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Two Facecards Take a Beating on the Button

The Internet can be a great place to practice your tournament skills in small buy-in events in preparation for playing a big buy-in tournament either online or in a brick-and-mortar casino. Since I play lots of online events, my mailbag is filled with letters from cyber players seeking how-to advice on tournament strategy. In this column, I am transforming one of those letters into a quiz format that I hope will make the player’s scenario and my analysis of his play educational as well as entertaining.

 

Online player Craig was playing a $22 buy-in no-limit hold’em tournament against 230 opponents. After plowing his way through the field, he made it to the final table with an average chip stack. With only six players left to compete for the gold and the glory, Craig was in fourth place with approximately $28,000. The chip leader was sitting to his left with about $40,000. The blinds were $600-$1,200 with a $125 ante when he met an untimely demise.

 

“I was on the button with a suited Q-J,” Craig began. “Everyone passed to me. The big blind hadn’t been defending his blinds often, and the small blind (the chip leader) seemed to have tightened up his play, waiting for a few more people to get eliminated before making a move. Neither player had seen a flop for several rounds.”

 

How Would You Play This Hand Before the Flop?

  1. Fold to preserve your chip count

 

  1. Just call the size of the big blind

 

  1. Raise to try to knock out the blinds and win the pot

 

Here’s How Craig Played https://harlemshambles.com 

“Although Q-J suited isn’t a big hand, I felt that a raise was in order to try to pick up the blinds and antes. I raised to $3,600, three times the big blind. The small blind called my raise, as did the big blind. I wasn’t happy with that result at all, but I did have position on both opponents and felt that if the flop didn’t hit me hard, I could still get away from the hand. The flop came down K-10-9 rainbow. I had flopped the nut straight!

 

“I couldn’t believe my eyes when the chip leader moved all in from the small blind. The big blind pondered and finally folded. Now it was my turn to act.”

 

How Would You Play This Hand on the Flop?

  1. Call with the rest of your chips because you have no worse than a tie with the chip leader

 

  1. Fold, because the chip leader might have flopped a set and you will be out of action if the board pairs and he wins the hand

 

Here’s How Craig Played It

“Obviously, I pushed the rest of my chips into the pot. The cards were turned over and the chip leader had a K-J offsuit. I was just hoping a queen didn’t come off, because I wasn’t interested in sharing a pot of this size. Sure enough, I got my wish. A queen didn’t come off, but something worse did. The turn brought a king and the river brought a jack, giving my opponent a full house!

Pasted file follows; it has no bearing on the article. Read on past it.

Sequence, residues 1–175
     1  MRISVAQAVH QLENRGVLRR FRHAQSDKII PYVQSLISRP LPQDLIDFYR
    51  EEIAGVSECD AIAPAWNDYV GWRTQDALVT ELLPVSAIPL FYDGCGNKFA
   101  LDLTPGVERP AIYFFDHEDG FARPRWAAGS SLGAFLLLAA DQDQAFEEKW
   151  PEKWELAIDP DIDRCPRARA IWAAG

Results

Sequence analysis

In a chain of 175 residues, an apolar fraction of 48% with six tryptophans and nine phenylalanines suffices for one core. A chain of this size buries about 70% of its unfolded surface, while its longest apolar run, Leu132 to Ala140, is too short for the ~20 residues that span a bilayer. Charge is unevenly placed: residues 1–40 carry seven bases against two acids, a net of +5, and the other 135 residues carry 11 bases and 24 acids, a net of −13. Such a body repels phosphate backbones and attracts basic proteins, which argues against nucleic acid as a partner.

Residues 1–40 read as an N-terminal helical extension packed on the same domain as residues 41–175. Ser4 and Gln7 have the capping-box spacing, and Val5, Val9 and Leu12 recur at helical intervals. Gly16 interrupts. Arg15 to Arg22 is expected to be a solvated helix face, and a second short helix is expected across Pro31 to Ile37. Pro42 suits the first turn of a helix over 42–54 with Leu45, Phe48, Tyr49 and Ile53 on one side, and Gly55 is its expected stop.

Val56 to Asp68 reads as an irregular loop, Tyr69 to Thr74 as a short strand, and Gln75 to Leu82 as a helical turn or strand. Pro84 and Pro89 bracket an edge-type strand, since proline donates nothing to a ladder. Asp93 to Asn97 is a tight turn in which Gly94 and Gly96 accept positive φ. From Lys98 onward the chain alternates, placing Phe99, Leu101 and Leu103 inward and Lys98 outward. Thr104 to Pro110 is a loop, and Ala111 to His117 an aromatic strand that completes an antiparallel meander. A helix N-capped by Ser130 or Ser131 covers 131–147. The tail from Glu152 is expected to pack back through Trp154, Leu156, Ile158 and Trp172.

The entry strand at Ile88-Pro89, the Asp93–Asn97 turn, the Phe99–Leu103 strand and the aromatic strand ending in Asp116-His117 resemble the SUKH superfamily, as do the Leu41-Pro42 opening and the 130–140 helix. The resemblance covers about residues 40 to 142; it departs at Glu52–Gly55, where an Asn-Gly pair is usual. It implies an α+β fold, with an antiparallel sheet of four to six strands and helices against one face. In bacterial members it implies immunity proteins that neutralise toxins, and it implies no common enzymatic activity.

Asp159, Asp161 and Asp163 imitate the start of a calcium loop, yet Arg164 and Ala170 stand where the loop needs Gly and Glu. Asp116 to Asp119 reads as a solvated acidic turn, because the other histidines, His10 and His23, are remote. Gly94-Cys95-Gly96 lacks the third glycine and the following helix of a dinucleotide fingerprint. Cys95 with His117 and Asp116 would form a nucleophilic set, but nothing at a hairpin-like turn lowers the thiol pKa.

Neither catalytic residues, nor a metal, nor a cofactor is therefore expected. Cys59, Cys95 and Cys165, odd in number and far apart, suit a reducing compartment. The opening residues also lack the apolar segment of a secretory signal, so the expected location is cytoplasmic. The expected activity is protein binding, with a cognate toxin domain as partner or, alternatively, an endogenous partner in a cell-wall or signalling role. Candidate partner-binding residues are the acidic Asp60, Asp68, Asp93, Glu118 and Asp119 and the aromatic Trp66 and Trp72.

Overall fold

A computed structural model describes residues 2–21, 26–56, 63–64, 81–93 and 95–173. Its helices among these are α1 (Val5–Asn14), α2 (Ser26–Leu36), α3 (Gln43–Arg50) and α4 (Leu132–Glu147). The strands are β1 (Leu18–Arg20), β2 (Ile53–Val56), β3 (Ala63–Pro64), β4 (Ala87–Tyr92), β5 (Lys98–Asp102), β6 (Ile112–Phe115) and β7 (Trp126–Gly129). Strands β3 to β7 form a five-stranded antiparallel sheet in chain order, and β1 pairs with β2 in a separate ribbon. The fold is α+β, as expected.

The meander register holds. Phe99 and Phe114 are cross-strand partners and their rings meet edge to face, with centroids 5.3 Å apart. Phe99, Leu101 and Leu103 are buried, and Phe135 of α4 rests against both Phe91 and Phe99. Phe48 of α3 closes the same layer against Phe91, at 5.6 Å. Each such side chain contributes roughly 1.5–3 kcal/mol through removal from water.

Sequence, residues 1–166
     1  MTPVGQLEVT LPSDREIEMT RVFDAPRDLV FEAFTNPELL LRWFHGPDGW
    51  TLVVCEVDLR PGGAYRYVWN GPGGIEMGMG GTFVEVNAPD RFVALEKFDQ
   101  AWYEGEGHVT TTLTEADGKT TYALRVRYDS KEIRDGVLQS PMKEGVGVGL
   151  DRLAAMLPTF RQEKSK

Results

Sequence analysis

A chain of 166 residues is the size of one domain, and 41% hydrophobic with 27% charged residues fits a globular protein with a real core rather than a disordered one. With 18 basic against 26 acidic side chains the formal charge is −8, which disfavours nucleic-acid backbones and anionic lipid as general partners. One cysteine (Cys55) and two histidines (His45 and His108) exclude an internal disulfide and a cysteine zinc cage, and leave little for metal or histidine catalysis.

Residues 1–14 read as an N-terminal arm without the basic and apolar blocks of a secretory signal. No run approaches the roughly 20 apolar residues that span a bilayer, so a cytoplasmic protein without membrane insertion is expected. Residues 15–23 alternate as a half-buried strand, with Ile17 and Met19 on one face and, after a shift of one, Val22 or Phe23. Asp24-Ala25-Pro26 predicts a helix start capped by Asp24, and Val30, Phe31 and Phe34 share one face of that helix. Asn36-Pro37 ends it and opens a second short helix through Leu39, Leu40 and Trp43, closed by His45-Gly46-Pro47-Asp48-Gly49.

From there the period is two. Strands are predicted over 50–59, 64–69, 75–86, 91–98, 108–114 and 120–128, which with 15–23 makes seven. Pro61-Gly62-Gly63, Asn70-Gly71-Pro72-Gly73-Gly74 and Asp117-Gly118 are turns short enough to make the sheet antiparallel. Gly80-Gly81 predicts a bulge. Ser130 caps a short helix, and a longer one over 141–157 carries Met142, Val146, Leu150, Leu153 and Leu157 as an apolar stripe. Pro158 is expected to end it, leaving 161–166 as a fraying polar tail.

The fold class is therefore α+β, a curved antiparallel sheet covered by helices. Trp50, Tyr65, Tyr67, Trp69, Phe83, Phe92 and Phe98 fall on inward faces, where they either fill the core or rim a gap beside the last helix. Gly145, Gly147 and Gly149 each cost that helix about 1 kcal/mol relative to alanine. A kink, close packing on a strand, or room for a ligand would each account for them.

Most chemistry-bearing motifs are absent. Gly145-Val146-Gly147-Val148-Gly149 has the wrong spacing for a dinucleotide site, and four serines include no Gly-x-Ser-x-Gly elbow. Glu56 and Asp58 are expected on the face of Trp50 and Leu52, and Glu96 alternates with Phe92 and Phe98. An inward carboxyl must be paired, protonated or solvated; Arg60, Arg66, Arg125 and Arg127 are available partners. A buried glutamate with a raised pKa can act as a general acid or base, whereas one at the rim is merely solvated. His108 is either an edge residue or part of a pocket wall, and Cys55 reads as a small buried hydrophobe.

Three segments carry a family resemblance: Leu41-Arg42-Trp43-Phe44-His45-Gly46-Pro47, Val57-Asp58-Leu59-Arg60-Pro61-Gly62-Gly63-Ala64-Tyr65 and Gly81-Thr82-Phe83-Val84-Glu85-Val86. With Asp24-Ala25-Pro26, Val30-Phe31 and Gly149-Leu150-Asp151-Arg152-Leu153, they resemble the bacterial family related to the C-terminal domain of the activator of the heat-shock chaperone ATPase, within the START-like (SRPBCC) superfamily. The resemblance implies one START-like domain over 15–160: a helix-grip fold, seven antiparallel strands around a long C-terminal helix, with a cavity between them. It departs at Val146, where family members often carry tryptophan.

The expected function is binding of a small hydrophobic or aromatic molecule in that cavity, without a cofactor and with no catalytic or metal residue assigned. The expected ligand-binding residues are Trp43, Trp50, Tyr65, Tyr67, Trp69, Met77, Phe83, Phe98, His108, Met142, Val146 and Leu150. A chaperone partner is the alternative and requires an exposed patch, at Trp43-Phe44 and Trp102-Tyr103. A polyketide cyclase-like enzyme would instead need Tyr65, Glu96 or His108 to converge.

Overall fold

“I was pretty disgusted with the outcome of the hand, but although I was disappointed and felt unlucky, I like to analyze every hand that busts me out of a tournament to see if there was any way I could have played it differently to avoid getting beat. After the flop, there was no way to get away from my hand, but I wonder if my preflop play was flawed?

 

“Once the final table gets shorthanded, my raising standards usually drop. This table was playing pretty tight, and I was having success picking up an occasional pot without any struggle. When I showed down a hand, it was usually a big hand, and I think most of my opponents respected my raises. My question is, do you think raising with my Q-J suited was a mistake? If not, was the amount of my raise too small? The small blind may have folded the K-J if I had made a bigger raise, but I didn’t want to become committed to a hand like Q-J preflop, so I raised an amount that I thought would make the blinds fold and that I could live with losing if one of them reraised. What do you think, Tom?”

 

My Analysis

In a shorthanded game in which the players in the blinds appear to be playing too tight, your button raise of three times the size of the big blind was correct. The chip leader actually should have folded his hand in the small blind. But, he must’ve had more gamble in his veins than you thought he had, because he chose to gamble with you before the flop. And on the flop, he apparently thought that taking a chance with his top pair and an inside-straight possibility was worth the risk of moving all in. There was no way to avoid this unpleasant result, unless you had folded before the flop. I believe you made the right play under the circumstances.

 

Continue analyzing your game and we’re sure to meet in the winner’s circle one day soon, either online or on land.